There is a new catchphrase that has become the lexicon of the President of the United States, as well as many of the people we interact with on a daily basis.
“That’s fake news.”
Although it is true the Internet has dramatically increased the number of biased sources of information, there are still news sources that stick to the basics of reporting.
- Conduct fact checks
- Verify sources
- Present facts
- Provide resources
Let’s start with online sources, before we review other attributes of credible news.
Online Sources for News
We access four primary types of news sources.
A domain that ends in .gov or .mil typically is a dependable source of information. Nonetheless, you should stay alert for sites that use .gov or .mil for political reasons.
As the most common type of domain, .com sites provide helpful information about specific companies. For example, you can learn how much Walmart grossed in 2019 by accessing the company website.
Domains ending in .edu present data gleaned from research studies, which can offer you an objective source of information. You should check for credibility and more important, authority.
This is when we get into the gray area of news credibility. Domains that end in .org can be biased, as well as promote an agenda that you could call “bought and paid for.”
What about News Sources in Print and on Television?
Bias in the media has become a major problem for a large number of print publications and worldwide news programs. The big three news channels on television-FOX, CNN, and MSNBC- present one side of most issues or worse, ignore some news stories all together. Even the nightly news shows appear to lean towards presenting biased-based news. There remains plenty of objective news outlets online and on the small screen. It is up to you to vet each news source for unbiased information. News outlets that present multiple sides to issues tend to be much more objective.
In other words, expand your sources for news outside conventional mainstream media options.
Characteristics of Credible News Sources
How should you define what is considered credible news sources? Well, it entails much more than reciting the opinions of a commentator on one of the big three news channels.
Handle with Care
We frequently look at the outcome of the process for presenting news when we should be examining the process itself. Accurate and reliable news sources implement news gathering steps that ensure accuracy, as well as offer the opportunity to check errors. Triple checking data and interview responses is one way to foster a strong process for collecting and disseminating accurate news.
Level of Expertise
Otherwise referred to as professional credentials, expertise is essential when deciding whether to trust a news source. Perhaps no other event in our nation’s history has begged for professional expertise more than the recent COVID-19 outbreak. Experts in a certain field can boost the credibility of the news presented by any outlet.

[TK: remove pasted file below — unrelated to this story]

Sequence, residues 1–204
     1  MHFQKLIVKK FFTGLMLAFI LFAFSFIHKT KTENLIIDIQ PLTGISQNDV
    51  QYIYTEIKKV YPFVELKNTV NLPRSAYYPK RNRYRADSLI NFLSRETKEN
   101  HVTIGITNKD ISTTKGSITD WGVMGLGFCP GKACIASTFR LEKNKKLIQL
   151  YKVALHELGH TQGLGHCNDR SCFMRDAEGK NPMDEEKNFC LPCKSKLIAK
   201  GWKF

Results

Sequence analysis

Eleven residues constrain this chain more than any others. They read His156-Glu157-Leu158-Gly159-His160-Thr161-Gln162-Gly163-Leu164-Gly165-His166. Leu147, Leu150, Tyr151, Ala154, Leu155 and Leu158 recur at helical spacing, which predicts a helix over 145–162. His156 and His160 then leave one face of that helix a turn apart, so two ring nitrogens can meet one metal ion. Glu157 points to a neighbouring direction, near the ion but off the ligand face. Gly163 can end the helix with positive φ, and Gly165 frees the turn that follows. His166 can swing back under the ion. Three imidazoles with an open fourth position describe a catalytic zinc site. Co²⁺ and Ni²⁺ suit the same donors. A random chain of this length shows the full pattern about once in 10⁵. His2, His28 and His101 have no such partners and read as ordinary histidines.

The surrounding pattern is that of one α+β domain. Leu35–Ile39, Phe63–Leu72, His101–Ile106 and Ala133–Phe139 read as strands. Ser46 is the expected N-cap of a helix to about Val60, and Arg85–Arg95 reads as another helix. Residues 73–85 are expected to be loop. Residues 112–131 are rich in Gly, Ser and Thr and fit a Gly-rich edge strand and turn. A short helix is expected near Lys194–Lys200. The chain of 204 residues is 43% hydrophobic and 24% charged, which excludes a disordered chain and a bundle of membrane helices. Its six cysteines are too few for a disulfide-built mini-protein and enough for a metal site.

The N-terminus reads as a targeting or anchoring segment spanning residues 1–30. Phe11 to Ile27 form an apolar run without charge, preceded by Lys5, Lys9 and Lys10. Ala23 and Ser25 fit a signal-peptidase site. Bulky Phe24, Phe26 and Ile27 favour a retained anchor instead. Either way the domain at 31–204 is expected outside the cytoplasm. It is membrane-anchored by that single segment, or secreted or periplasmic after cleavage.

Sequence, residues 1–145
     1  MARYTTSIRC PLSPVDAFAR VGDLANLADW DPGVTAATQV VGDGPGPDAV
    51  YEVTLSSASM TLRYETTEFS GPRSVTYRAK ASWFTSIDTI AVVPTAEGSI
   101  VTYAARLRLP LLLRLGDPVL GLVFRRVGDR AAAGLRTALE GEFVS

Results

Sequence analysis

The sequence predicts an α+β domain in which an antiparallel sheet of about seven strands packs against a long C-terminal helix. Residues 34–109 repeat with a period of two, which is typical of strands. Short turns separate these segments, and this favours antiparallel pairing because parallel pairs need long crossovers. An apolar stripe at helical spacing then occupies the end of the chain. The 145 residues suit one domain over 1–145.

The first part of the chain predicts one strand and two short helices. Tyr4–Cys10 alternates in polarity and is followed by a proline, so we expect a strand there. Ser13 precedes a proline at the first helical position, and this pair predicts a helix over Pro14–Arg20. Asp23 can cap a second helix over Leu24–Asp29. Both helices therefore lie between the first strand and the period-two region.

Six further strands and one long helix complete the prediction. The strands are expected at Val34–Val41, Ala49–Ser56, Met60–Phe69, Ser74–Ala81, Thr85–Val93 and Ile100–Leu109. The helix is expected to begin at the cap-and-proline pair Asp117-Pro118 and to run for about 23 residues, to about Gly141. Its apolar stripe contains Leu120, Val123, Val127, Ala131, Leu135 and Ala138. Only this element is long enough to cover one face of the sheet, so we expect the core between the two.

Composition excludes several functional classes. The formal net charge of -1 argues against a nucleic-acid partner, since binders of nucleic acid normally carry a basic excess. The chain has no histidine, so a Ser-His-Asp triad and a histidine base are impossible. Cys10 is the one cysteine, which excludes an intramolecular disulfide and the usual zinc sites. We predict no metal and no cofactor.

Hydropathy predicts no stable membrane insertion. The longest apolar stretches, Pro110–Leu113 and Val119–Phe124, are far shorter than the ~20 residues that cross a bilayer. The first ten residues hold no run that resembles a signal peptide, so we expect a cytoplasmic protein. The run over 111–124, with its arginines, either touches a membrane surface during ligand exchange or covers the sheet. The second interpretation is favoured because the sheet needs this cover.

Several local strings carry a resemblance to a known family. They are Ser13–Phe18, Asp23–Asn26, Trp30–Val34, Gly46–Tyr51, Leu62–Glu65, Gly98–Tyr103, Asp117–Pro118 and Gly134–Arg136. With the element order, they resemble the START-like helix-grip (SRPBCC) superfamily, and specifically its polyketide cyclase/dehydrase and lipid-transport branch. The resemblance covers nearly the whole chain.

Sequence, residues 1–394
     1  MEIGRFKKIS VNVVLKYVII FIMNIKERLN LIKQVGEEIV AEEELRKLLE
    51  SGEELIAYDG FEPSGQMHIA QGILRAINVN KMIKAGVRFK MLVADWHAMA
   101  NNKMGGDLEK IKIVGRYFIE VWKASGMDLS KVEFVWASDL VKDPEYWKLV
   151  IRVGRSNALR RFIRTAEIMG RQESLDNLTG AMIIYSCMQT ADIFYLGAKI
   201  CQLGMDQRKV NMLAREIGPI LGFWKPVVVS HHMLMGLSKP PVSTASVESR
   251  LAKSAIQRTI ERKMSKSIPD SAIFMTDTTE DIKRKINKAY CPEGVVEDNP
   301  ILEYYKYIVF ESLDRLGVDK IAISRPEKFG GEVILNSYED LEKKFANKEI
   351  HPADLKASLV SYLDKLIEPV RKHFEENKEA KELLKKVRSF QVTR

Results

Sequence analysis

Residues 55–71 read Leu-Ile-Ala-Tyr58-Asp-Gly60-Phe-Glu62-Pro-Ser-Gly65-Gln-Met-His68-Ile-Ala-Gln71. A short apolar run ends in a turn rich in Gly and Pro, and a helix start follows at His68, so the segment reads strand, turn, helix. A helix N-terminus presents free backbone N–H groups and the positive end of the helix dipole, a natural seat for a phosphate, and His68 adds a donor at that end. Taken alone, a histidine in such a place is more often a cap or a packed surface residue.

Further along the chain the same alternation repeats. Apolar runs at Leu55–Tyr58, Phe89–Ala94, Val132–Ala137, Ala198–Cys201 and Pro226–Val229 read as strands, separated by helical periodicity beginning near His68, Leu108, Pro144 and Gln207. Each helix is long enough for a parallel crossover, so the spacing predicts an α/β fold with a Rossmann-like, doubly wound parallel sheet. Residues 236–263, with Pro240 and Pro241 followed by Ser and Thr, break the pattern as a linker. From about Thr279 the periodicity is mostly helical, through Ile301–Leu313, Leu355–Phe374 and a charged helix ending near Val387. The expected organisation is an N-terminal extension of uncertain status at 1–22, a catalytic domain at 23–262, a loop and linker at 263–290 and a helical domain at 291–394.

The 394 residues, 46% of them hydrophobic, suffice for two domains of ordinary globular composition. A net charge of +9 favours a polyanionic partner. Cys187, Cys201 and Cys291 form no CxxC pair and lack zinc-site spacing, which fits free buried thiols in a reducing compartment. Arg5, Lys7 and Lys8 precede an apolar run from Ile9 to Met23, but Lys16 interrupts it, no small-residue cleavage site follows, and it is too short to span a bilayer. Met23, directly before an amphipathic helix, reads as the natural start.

Transparency in Separating News and Opinion
The problem with the big three television news channels is that each one often presents opinions that are masked as news. Credible news sources let readers and viewers know when the opinion wagon has pulled into town. In fact, newspapers used to print a large disclaimer above a commentary that read “The following commentary is the opinion of the writer, and it does not reflect the position taken by this publication.”
Newtrals.com is a news source that sticks strictly to facts, leaving out opinion or insights, with sources referenced.
Professional reporting of the news is just that: a report explaining to readers or viewers about the details of a recent event. The goal is to inform, not promote a specific political agenda. Unfortunately, this is exactly what has happened at FOX, CNN, and MSNBC. Be wary of a reporter who injects his or her two cents into covering an event.
How to Check Facts
Factual and upfront news sources publish information that is backed up by facts. From crime statistics released by the FBI to data made available concerning a health study, you should be able to confirm the legitimacy of what a news outlet reports. Television news shows that have credibility present interviews from people that argue all sides of an issue. Well-researched news articles should include quotes from experts in the field, as well as footnotes that take readers to the resources the reporter used to acquire information. Non-fiction books that include well-researched information devote an entire section at the back of the book to the resources used to write the book.
The Power of Online Research
One of the great things about Internet research is that the digital footnote is a link that takes you to the resource used to gain information. You can check the credibility of a news outlet by determining the credibility and authority of a news resource. A broken link is nothing more than broken trust. Online links can take you to credible resources such as the National Archives and Records Administration, or it can take you to a YouTube video interview with a renowned medical researcher.
How to Flush Out Bias
The media has morphed into an institution that establishes much of social, cultural, and political discourse that occurs in our society. This means it is up to you to flush out bias by following a few tips.
- Establish if there is appoint of view
- The people influence by an issue must have a voice on the issue
- Can you detect double standards?
- Are there stereotypes used?
- Does the reporter present assumptions that go unchallenged?
- Does the reporter use loaded language?
Above all, does the story match the headline? In the era of click bait news stories, this is the most important way to flush out bias in a news story. Credible news outlets never engage in click bait news reporting tactics.